Receiver Competition Just Getting Started
Receiver Competition Just Getting Started
By Nick Wagoner/Senior Writer
Posted 7 hours ago
There’s not a coach in the NFL that enters training camp hoping that all positions are settled and that competition won’t be abundant during the month-long sprint to filling out the roster.
The belief is that competition breeds success. And for the Rams, there’s no position on the roster that is drawing more eyes in this camp than wide receiver.
Even before camp officially started, coach Steve Spagnuolo acknowledged that a position that once was thought to be lacking in talent now has the potential to be a strength with more competition than any other spot on the field.
“I’m hoping all the spots are competitive but you just look at the numbers over there and the mixture of talent,” Spagnuolo said. “I think that will be one everybody will be looking at.”
Indeed, the receiver position is already becoming the focal point of the various battles developing in this camp.
While it’s too early to put any kind of handicap on how things are going to play out, it’s not too early to take a look at who the combatants are and what the coaching staff is going to be looking for in its final evaluations.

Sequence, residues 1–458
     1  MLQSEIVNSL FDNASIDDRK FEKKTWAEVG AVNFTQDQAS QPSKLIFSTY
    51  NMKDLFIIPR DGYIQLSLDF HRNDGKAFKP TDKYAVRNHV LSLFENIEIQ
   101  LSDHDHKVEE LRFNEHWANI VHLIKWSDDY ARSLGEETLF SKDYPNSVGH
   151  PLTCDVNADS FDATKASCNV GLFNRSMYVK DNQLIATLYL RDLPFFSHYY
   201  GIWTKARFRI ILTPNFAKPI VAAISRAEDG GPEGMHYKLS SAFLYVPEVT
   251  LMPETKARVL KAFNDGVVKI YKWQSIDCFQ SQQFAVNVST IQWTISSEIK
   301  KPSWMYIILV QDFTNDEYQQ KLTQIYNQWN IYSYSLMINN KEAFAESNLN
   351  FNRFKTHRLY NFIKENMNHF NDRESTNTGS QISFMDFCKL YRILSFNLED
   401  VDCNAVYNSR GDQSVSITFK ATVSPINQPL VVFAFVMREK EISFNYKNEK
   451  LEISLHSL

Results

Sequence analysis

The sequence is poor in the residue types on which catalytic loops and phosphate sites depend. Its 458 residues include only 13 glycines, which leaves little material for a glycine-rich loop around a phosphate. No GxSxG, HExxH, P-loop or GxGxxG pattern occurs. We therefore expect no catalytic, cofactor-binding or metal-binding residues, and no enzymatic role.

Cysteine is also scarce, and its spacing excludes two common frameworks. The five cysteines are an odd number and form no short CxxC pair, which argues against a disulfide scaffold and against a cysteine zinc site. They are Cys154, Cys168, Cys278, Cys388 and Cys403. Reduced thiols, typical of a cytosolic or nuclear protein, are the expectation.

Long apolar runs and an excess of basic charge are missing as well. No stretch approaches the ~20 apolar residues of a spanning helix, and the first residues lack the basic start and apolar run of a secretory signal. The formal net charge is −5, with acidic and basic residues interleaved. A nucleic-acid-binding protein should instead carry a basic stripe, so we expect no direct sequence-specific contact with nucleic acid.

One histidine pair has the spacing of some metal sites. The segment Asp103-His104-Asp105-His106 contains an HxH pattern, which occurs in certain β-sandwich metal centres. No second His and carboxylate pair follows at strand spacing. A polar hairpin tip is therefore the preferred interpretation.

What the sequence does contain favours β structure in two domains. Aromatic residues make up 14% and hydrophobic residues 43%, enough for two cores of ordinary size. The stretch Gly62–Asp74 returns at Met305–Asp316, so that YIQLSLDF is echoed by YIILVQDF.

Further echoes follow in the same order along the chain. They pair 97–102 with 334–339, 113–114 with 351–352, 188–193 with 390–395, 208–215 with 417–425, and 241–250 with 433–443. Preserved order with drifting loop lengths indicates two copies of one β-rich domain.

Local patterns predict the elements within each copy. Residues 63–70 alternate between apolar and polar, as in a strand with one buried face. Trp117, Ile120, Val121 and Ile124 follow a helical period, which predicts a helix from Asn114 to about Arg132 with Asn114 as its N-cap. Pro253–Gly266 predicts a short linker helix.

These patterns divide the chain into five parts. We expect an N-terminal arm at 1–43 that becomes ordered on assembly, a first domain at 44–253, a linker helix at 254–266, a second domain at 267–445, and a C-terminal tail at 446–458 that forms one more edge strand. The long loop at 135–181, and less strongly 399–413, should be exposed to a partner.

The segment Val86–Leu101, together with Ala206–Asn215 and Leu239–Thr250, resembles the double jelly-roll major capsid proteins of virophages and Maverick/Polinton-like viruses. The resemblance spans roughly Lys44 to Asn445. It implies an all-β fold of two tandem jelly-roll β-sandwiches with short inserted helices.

The majority of the competitors are young and still looking to establish themselves in the league. That makes for a bunch of hungry players willing to do whatever it takes to solidify a spot on the depth chart.
“We have a lot of guys,” receiver Danny Amendola said. “We’ve got some that are more experienced than others. The bottom line is everybody’s hungry and ready to make plays. Everybody wants to be out there, everybody’s competing, it’s fun. That’s when you play your best and that’s when you have the most fun.”
In Spagnuolo’s two seasons in St. Louis, the Rams have generally kept six but sometimes as few as five, wideouts. With Josh McDaniels taking over as offensive coordinator and his penchant for more four and even five receiver formations, it’s possible the Rams could keep as many as seven.
Most likely, that leaves about nine players competing for what should be six or seven spots. Those players are Amendola, Danario Alexander, Donnie Avery, Dominique Curry, Brandon Gibson, Mardy Gilyard, Austin Pettis, Greg Salas and Mike Sims-Walker.
Mark Clayton, who played well before a season ending injury last year, is still on the radar pending his recovery from his ailments.
“I think we have a lot of young players that I think have a chance to improve significantly just because this is their second or third year in the league and in some cases have some guys that we are going to have for the first time,” McDaniels said. “I think they have ability and really the test for us is going to be how quickly we can get them up to speed so they can work and be on the same page as the quarterback in the passing game.”
Starting at the top, the Rams are hoping to have one or two guys emerge as the clear cut starters. In looking at experience, Sims-Walker would seem to be a guy that jumps out as someone who could fill that role like he did in Jacksonville.